More than 1,200 firefighters were on Tuesday engaged in a "fierce struggle" against a wildfire in southeastern France.
The fire service for the Bouches-du-Rhone department said the "violent" blaze had travelled eight kilometres in under two hours. By 20:00 CET, at least 500 hectares of vegetation had been devastated.
Several habitations and multiple businesses including three camping sites near the municipalities of Martigues and Port du Bouc had to be evacuated with authorities calling on people to avoid taking the taking certain roads.
"The fierce struggle will continue throughout the night to bring the population to safety and protect homes," the fire service said on Twitter.
More than 30 trucks were also deployed, assisted by seven water bomber planes.
Martigues' town hall has opened five reception centres for evacuees.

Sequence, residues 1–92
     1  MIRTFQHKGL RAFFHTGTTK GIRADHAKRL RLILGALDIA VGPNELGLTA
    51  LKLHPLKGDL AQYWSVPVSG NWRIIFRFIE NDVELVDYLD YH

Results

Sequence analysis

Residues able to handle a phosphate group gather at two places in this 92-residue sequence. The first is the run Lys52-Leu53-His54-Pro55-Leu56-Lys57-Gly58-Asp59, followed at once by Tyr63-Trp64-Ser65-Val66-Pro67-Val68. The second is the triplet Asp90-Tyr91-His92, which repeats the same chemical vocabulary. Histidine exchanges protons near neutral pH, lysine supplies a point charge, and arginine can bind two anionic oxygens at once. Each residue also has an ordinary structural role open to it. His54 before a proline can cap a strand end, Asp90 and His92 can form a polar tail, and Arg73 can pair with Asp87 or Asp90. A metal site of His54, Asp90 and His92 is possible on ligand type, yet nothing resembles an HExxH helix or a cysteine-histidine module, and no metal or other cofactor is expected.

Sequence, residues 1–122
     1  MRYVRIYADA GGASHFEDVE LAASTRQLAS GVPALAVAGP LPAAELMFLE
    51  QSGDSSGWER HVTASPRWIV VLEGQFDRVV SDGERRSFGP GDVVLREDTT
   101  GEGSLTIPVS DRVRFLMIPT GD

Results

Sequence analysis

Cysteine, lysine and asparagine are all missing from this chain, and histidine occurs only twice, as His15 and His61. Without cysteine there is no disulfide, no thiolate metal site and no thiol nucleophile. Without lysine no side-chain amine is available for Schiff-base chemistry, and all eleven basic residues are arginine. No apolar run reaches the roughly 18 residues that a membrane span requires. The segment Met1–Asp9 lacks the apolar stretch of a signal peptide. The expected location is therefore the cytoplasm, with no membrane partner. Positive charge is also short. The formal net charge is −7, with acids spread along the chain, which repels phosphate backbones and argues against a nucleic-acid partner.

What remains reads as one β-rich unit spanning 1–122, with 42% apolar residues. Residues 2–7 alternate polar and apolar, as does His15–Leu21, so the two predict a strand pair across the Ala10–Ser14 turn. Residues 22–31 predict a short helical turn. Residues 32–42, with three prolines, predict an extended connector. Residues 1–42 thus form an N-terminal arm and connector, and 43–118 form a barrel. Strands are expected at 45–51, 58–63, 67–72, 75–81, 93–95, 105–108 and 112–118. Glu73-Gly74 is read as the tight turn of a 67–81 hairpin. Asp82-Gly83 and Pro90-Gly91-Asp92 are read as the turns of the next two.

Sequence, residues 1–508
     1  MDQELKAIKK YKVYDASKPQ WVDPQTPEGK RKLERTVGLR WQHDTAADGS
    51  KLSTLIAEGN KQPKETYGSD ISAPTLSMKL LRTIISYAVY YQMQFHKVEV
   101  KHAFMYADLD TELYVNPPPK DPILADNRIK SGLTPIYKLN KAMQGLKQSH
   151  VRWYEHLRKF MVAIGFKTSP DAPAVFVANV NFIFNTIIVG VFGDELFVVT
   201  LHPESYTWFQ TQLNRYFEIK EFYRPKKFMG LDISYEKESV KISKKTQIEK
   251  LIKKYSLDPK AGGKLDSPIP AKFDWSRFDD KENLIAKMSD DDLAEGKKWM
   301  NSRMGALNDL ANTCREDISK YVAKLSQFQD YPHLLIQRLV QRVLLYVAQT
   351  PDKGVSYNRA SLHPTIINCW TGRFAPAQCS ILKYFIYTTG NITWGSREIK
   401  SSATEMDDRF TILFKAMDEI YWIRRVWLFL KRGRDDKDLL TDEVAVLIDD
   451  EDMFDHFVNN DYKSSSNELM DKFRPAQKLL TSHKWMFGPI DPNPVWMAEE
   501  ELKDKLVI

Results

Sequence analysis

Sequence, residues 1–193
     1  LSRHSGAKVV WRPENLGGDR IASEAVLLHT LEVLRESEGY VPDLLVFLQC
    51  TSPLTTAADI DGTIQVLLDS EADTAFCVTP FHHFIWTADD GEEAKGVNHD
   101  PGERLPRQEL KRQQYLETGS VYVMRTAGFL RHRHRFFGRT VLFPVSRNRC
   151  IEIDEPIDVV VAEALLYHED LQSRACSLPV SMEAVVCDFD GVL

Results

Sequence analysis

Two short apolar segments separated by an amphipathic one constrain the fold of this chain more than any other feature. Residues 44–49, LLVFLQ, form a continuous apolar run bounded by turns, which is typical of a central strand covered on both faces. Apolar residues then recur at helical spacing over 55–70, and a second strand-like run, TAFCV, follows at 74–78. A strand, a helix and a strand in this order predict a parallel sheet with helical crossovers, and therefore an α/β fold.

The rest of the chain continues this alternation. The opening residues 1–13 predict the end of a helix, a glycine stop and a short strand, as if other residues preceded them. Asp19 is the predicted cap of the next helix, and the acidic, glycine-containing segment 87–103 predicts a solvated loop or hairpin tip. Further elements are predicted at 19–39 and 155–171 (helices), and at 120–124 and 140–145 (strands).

Interior Minister Gerald Darmanin, who reviewed the wildfire prevention and control system in the Bouches-du-Rhone on Tuesday morning, said then that "reckless behaviour" is often to blame for wildfire, "resulting in significant human and environmental risks."
"I urge everyone to be civic-minded and vigilant," he added. He is to return to the area later on Tuesday evening or during the night.
It remains unclear how this wildfire started but access to forests in the area has been restricted since the weekend because strong winds and high temperatures increased the risk of wildfire.
Between 2015 and 2019, an annual average of 9,300 hectares went up in flames in each département along France's Mediterranean coastline.